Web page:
Twin sister indie-pop duo Tegan and Sara have always specialized in remaking well-worn forms in their own image — from their early days turning coffee shop confessionals into sharp power pop to their recent emergence as Top 40 contenders who can write glossy dance-pop with a uniquely nuanced urgency, Now, they’ve re-imagined the rock star memoir. High School is a lot like their songs: complexly intimate, smartly crafted, and packing a subtle emotional wallop. The pair co-wrote the book, alternating authorship between chapters and focusing exclusively on their teenage years as they map out their symbiotic coming-of-age chaos. “There is . . . great comfort that comes from traveling through life with a witness,” Tegan writes.
The idea to cut the narrative off just before their career began to take off is refreshing in itself, allowing them to hone in on the kind of personal day-to-day detail most books of this kind seem to roll through merely as a means of setting up the biographical roots of an artist’s rock star myth. The book opens, adorably, in “grade ten.” They grew up in Calgary, Alberta, during the mid-Nineties, fighting like Ray and Dave Davies, worshipping Nirvana, and going to raves and punk shows. The depictions of aimless, vaguely dangerous, teenage partying (of which they did quite a lot) are especially well-rendered, like something out of a Hold Steady song. Their relationship thrives on a combative closeness; at one point the sisters’ dramatic door slamming gets so bad their mom’s boyfriend Bruce is forced to take the doors off their hinges lest he go insane.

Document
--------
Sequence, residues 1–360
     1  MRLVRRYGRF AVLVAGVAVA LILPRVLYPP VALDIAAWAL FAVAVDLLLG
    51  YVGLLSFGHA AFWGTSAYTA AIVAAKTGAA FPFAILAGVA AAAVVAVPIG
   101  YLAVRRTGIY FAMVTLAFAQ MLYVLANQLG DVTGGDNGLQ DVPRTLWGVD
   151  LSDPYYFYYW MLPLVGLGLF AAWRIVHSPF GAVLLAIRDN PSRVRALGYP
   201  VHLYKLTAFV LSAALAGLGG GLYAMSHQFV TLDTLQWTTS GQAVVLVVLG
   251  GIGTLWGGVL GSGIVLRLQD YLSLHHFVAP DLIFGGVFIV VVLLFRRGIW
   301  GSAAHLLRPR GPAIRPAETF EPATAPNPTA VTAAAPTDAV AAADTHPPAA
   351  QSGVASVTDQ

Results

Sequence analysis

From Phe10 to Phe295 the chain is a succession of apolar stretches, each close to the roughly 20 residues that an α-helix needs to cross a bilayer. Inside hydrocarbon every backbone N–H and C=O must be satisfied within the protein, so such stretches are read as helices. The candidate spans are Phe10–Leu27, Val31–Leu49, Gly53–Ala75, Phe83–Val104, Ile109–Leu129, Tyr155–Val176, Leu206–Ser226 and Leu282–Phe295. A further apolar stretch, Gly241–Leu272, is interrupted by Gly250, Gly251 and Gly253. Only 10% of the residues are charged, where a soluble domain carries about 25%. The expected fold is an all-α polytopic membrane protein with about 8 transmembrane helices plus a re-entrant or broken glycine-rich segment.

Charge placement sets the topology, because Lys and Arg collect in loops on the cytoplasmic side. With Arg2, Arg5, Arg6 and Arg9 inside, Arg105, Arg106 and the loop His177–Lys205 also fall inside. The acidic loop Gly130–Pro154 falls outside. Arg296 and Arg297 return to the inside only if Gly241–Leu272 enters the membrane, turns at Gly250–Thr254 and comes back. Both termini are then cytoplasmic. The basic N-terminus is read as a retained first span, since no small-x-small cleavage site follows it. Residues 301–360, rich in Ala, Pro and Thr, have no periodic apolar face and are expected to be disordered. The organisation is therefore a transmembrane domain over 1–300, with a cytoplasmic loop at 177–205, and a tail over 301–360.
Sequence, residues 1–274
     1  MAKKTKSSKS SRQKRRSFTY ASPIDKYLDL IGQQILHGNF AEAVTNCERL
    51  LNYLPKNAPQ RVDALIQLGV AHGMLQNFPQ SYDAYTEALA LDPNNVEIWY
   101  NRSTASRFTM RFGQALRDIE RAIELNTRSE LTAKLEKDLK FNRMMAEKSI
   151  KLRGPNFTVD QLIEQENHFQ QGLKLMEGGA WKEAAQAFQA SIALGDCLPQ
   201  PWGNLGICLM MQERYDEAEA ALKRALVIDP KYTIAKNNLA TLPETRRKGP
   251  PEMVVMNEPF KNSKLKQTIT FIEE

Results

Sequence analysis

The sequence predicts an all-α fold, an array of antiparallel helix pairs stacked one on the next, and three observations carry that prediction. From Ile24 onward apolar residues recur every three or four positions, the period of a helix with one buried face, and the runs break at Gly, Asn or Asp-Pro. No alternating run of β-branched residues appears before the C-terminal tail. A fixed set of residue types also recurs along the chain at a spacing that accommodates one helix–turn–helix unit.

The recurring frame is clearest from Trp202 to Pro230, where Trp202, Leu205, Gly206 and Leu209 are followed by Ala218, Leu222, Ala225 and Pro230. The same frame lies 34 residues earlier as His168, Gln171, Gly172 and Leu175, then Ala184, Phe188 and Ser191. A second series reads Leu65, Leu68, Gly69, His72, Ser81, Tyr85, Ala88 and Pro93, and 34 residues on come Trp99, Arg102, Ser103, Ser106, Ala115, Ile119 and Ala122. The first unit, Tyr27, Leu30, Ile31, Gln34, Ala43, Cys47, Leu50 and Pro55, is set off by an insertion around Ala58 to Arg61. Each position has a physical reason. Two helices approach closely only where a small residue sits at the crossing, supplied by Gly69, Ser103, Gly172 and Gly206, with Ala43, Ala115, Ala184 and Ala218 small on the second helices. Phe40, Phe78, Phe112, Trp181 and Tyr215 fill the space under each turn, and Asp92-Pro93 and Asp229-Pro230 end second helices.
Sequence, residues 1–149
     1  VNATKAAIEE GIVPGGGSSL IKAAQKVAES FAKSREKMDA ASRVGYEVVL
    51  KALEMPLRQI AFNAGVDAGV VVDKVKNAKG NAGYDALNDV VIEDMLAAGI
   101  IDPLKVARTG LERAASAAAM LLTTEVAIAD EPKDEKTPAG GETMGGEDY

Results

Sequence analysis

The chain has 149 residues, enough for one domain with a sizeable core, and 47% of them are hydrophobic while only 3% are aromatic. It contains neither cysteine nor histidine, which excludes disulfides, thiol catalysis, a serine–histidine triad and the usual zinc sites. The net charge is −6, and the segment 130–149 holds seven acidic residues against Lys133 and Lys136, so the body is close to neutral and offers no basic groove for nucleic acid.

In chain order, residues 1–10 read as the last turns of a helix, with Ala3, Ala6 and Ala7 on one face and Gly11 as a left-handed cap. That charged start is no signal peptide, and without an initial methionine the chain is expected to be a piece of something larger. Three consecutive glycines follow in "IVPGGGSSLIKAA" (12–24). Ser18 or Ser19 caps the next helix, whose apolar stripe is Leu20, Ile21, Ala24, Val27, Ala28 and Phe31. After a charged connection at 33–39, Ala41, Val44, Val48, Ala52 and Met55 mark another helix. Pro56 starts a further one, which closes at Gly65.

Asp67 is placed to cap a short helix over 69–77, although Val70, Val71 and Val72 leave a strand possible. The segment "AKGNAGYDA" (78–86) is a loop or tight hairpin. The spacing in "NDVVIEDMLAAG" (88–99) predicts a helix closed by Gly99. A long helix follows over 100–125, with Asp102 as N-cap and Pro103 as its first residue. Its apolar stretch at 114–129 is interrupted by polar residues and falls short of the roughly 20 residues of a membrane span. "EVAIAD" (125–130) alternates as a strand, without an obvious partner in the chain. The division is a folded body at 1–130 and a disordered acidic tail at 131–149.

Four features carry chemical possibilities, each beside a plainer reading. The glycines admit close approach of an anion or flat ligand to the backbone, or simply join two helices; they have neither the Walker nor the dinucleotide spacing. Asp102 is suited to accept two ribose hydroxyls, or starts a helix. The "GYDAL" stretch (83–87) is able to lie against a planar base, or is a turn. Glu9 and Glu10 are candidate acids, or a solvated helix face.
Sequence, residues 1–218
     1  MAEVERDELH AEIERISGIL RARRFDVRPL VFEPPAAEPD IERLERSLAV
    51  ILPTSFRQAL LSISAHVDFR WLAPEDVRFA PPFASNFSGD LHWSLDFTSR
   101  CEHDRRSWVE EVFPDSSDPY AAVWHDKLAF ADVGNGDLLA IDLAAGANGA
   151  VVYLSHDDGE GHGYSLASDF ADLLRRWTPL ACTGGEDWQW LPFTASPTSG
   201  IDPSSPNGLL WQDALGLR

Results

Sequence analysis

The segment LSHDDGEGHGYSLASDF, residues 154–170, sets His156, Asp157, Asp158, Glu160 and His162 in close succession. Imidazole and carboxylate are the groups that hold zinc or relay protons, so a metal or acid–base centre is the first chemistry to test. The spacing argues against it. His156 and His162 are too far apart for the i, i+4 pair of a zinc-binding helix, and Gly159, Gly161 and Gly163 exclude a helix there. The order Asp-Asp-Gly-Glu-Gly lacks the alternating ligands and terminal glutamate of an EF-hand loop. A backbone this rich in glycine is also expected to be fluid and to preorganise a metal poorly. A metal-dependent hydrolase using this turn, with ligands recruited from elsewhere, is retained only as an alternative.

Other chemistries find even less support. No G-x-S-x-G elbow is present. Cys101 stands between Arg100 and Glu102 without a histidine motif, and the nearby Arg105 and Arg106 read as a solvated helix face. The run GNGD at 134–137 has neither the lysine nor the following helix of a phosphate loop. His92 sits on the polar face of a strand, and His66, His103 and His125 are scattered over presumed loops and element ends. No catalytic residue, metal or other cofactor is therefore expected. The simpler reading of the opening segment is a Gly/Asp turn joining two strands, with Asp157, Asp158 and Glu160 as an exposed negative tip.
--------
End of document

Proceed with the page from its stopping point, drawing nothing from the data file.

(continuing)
One day, they come across Bruce’s guitar in a storage nook (“The weight of the wood felt intimate, touching almost all of me at once,” Sara writes). They start writing songs, and eventually win a battle-of-the-bands at a local club that leads to a record deal (their friends, who are too young to get in, cheer wildly from outside the venue). The emotions that fuel those songs echo the experience that defines the book’s other major theme beyond music: their struggles and revelations as they try to find “first loves” and eventually come out as a gay in a conservative, Western Canadian culture that now seems, in some ways, almost like 50 years ago, not just 20. There’s a tensely rendered scene at a family event where some male relatives talk about the waitresses at Hooters, and some of the book’s most heartbreaking moments come as they navigate a difficult space where friendships end and relationships might begin. Those explosively detailed depictions of their earliest experiences trying to find girlfriends are worthy of an excellent YA novel, thanks to Tegan or Sara’s unsparingly real, matter-of-fact prose style. “There could be nothing worse than being called a lesbian,” Sara writes. “Especially if you were one.” What emerges is a quietly heroic rock and roll origin story.